Once again, I would blu-tack all the vehicles I planned to paint in one go, to help keep them looking the same. Plus, you do not want to be fiddling around with wet blu-tack and transferring paint everywhere.

Tips for using the masks
Commit to the process before finishing your assembly.
Certain items – cupolas, MGs etc – will get in the way and make it very difficult to lay the mask over the vehicle. So I would avoid or delay gluing them on to the vehicles if I was going to use a mask. I still hadn't made up my mind about using masks when I assembled my first vehicles, and now my M106 Mortar Carriers are going to present a challenge, as they have their baseplates and cupolas attached.

Print twice, cut once.
Planning is your friend. Before basecoating the vehicles, take a close look at the templates and work out what sequence of colours will work best. For the M113s the Field Drab areas seemed like the best choice to cut out, whereas for the M109s the Forest Green seemed like the best choice to cut out, avoiding a mask consisting of four or five tiny pieces. Decide on the sequence that will work best for you. But definitely try cutting some masks out first before you deploy the paint. It is also worth having a second, intact template printed, to guide you with painting the Sand and Black areas later on.

Always make sure you leave a frame around your masks (i.e. make the masks bigger than just the painted area) this way you wont get overspray on the other faces of the vehicle.

Paper or plastic?
They both have pros and cons. My plastic templates will last forever, but cutting them out did take a lot of time and effort: two or three evenings of thinking, planning, as well as some trial and error. With the benefit of practice, I am confident I could now do a set for another vehicle type in an evening. Paper is less durable, but much easier to work with. Cutting a set of masks for the M109 out of paper only took me about an hour, once I had decided how to sequence the colours.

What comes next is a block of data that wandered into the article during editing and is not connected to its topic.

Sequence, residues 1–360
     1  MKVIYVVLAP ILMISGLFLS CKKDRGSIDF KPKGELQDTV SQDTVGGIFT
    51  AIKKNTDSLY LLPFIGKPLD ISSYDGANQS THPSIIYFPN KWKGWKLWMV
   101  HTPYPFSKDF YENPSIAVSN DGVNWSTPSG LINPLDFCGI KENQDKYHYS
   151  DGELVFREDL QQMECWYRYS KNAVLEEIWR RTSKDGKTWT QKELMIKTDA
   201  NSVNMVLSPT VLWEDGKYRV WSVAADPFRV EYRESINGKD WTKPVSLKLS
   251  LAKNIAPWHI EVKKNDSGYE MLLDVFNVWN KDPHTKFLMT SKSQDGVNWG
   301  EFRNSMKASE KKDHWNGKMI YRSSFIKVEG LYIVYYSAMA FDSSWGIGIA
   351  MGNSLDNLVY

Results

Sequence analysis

Blu-tack is your friend.

If you decide to use paper masks, use blu-tack to help stick them down, so they don’t blow off with the air flow from the airbrush or let too much paint overspray underneath. You can also use it to mask fiddly areas where a paper or plastic mask is too much trouble – in which case, don’t forget to blu-tack all of your vehicles in one go, to save time and to make it easier to keep all of your vehicles looking consistent.

Take the pressure down.  
I turned my compressor down quite low to avoid the mask flying off or, in the cases where there was equipment making the mast sit above the vehicle, reduce overspray making its way under the edges of the template.

Masks won’t do everything.
There are just some areas where the masks won’t work – like the rounded corners of the M109 turret. My plan is the mask the top of the hull and turret, and side of the hull, then use blu-tack for the rest.

If you put the turret on hull (once painted) you can blu-tack the turret sides and use the turret top and hull side to help make sure your colours start and end in the right places.

And of course, once your templates have done most of the work, you can always use good old-fashioned freehand painting (airbrush or brush) to fix up any messy or incomplete areas.

What's next?
Finally, paint the Sand and Black strips on and you are done, ready for weathering, washes or whatever else you want to do. 

Hopefully this has given you some inspiration to at least try experimenting with the masks. I am certainly sold on the idea for vehicles where I think I will be painting a decent number of them, as the time invested up front pays dividends later. Especially since I now have plans to paint some New Zealand M113s in the Red Desert scheme!